For the 2016 Summit, the Netherlands initiated a gift basket on Sustainability in Reporting and Information Sharing with an accompanying template for a Consolidated National Nuclear Security Report. This gift basket aims to improve and streamline the process of reporting and information sharing on national nuclear security efforts.
5. Contribution to Minimisation of HEU
The Netherlands has converted all of its nuclear research reactors to use LEU fuel. Dutch industry intends to use only LEU targets for the production of medical radioisotopes, as soon as technically feasible. Almost all HEU has been removed and disposed of.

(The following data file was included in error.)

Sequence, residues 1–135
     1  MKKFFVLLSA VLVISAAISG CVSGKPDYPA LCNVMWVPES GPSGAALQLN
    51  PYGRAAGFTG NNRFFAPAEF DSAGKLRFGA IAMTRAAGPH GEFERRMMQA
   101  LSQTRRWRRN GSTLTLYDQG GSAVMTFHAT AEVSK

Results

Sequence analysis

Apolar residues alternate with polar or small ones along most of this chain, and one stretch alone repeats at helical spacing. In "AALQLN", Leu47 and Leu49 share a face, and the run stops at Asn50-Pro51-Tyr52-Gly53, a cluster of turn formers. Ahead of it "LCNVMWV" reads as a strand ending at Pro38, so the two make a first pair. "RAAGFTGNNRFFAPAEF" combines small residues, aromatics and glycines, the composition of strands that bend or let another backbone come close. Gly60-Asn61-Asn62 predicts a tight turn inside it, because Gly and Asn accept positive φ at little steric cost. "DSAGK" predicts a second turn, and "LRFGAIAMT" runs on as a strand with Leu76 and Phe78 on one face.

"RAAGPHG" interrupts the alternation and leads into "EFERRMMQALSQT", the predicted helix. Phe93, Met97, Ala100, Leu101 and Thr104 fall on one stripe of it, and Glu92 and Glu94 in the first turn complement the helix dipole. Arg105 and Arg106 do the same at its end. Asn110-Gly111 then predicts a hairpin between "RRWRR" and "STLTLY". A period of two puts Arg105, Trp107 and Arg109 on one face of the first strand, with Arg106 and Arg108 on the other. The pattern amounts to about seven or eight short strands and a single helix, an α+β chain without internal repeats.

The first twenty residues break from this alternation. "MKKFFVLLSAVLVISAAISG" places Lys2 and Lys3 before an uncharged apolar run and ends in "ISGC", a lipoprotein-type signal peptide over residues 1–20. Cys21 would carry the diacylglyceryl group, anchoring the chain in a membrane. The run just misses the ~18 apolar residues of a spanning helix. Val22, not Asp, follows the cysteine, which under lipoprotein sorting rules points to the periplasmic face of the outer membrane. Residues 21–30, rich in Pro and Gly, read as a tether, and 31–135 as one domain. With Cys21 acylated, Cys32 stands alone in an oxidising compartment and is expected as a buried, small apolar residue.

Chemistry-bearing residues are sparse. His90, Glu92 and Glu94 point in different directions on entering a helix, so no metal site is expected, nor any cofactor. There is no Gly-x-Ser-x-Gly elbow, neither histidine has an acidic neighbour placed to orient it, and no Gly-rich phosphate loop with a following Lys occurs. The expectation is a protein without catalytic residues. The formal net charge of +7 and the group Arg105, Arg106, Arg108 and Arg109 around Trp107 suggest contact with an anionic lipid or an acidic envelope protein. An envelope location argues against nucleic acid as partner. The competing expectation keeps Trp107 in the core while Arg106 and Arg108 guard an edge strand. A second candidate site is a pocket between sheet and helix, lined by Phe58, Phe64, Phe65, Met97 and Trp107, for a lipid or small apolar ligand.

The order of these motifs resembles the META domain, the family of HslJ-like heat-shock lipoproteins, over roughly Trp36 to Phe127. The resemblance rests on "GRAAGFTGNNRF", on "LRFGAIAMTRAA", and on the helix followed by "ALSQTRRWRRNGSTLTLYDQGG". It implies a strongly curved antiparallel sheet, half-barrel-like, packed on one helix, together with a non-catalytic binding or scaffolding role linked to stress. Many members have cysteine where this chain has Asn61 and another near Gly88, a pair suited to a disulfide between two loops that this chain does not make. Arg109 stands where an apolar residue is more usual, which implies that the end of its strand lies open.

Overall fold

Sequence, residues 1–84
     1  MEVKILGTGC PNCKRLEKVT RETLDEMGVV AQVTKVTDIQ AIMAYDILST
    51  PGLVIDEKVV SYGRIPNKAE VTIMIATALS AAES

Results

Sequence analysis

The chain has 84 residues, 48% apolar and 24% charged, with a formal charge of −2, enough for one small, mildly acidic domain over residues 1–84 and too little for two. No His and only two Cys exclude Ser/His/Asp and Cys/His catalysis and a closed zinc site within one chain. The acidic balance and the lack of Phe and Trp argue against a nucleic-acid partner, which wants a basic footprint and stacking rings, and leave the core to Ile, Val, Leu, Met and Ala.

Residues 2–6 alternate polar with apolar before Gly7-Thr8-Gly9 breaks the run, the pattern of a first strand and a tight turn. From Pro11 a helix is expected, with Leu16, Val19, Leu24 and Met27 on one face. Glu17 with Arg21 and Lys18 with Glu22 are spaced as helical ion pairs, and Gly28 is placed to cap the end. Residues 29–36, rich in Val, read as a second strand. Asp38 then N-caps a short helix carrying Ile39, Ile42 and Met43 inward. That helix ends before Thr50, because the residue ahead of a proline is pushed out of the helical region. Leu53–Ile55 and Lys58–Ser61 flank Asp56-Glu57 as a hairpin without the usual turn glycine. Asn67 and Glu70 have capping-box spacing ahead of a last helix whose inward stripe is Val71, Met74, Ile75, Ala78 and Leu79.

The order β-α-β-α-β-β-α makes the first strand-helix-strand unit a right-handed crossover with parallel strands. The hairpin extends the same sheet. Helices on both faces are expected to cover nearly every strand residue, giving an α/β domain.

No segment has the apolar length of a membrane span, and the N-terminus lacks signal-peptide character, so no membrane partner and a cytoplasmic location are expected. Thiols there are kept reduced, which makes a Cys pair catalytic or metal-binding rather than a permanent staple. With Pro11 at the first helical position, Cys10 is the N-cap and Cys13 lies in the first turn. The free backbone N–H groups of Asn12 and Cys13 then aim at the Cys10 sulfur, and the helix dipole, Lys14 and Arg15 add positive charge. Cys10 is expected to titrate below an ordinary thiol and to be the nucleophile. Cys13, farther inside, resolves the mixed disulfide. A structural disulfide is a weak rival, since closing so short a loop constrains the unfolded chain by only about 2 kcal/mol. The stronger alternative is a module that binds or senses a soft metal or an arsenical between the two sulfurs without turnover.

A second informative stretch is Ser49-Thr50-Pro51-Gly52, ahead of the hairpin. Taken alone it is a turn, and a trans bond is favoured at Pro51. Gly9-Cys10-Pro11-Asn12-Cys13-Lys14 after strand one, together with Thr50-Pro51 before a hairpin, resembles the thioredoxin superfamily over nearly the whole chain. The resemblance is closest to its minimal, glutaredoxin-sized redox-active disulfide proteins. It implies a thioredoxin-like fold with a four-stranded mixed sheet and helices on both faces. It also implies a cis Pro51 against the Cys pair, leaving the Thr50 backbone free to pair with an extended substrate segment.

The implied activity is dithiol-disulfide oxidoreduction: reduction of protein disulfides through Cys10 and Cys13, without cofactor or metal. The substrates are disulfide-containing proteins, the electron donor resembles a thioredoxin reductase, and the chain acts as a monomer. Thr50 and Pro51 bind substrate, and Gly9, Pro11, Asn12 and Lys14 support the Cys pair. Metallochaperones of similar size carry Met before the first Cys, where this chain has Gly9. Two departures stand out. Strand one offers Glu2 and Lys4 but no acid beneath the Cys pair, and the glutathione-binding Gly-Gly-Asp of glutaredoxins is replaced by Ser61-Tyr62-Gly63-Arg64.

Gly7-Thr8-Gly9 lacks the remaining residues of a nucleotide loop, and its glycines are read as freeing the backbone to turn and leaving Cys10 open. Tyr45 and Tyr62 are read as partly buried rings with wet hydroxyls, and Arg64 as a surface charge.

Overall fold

6. Establishment of Centres of Excellence
The Netherlands supports the international CoE network coordinated by the IAEA and will contribute to improving cooperation between centres of excellence.
The Reactor Institute Delft at Delft University of Technology (one of the IAEA Collaborating Centres) started a Master’s programme in nuclear security in October 2012, open to qualified students from all IAEA member States. It was developed in collaboration with partner institutions in the UK, Germany, Norway, Austria and Greece, and was aligned with and supported by the IAEA. This programme is currently being evaluated. There are currently plans to establish a centre of excellence (CoE) on nuclear security in Delft.